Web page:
Paper in Press
GEOPHYSICAL RESEARCH LETTERS, doi:10.1029/2012GL052412
Solar influence on winter severity in central Europe
- Freezing of the Rhine occurred from 1780-1963 regularly during sunspot minima.
- Coldest winter continue to occur during sunspot minima even today.
- This cooling is a regional phenomenon, but not a hemispheric signal.
The last two winters in central Europe were unusually cold in comparison to the years before. Meteorological data, mainly from the last 50 years, and modelling studies have suggested that both solar activity and El Niño strength may influence such central European winter coldness. To investigate the mechanisms behind this in a statistically robust way and to test which of the two factors was more important during the last 230 years back into the Little Ice Age, we use historical reports of freezing of the river Rhine. The historical data show that 10 of the 14 freeze years occurred close to sunspot minima and only one during a year of moderate El Niño. This solar influence is underpinned by corresponding atmospheric circulation anomalies in reanalysis data covering the period 1871 to 2008. Accordingly, weak solar activity is empirically related to extremely cold winter conditions in Europe also on such long time scales. This relationship still holds today, however the average winter temperatures have been rising during the last decades.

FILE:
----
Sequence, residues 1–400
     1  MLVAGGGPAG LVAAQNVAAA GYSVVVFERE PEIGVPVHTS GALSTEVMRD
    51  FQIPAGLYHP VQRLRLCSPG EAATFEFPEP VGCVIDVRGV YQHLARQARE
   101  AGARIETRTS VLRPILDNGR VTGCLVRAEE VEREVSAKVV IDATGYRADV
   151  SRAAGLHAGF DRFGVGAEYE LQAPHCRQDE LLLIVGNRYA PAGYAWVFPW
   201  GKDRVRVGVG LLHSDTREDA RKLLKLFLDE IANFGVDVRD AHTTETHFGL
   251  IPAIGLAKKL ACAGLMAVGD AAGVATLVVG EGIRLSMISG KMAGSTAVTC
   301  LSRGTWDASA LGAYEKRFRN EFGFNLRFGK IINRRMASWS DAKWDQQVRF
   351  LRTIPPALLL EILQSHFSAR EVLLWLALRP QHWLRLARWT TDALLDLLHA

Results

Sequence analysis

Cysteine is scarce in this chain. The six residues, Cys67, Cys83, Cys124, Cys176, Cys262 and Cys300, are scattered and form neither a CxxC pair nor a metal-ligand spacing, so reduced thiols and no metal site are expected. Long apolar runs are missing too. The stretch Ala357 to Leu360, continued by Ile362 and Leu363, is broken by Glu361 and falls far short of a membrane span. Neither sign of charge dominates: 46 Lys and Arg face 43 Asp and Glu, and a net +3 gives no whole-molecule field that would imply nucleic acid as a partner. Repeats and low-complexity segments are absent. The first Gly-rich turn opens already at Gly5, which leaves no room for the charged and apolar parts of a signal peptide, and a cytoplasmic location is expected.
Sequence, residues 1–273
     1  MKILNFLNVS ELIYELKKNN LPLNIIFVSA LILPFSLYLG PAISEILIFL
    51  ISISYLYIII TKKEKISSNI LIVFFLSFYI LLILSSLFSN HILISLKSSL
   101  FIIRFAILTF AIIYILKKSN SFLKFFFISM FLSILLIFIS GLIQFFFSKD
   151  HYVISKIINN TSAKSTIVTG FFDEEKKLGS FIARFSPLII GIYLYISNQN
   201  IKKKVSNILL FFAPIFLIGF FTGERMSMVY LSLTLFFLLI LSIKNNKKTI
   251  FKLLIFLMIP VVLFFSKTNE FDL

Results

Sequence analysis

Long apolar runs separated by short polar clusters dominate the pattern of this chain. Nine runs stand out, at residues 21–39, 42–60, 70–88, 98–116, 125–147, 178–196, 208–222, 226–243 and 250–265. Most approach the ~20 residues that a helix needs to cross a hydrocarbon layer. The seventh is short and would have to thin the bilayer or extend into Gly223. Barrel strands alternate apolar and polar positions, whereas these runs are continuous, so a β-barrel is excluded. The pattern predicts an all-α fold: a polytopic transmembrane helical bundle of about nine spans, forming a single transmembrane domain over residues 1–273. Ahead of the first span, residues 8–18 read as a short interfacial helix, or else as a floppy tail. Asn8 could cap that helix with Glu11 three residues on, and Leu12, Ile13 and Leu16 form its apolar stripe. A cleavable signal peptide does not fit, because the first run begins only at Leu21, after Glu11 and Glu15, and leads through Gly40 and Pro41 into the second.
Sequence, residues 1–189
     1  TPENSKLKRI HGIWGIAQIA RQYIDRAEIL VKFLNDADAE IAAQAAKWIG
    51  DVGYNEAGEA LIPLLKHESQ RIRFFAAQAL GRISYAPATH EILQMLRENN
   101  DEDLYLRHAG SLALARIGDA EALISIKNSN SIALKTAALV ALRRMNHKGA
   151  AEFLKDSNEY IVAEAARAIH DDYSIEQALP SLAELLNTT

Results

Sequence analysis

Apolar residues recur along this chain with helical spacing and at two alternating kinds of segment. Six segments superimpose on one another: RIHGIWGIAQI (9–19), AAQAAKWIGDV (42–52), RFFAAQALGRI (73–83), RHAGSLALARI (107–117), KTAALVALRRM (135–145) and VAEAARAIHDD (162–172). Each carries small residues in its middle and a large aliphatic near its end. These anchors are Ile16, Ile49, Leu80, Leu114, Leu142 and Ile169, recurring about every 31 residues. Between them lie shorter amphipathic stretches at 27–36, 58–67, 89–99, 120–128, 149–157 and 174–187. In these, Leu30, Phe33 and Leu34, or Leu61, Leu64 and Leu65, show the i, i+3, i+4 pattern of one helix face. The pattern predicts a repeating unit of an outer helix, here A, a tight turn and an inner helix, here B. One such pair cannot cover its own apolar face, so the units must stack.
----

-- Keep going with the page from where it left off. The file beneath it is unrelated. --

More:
Received 21 May 2012; accepted 17 July 2012.
Citation: (2012), Solar influence on winter severity in central Europe, Geophys. Res. Lett., doi:10.1029/2012GL052412, in press.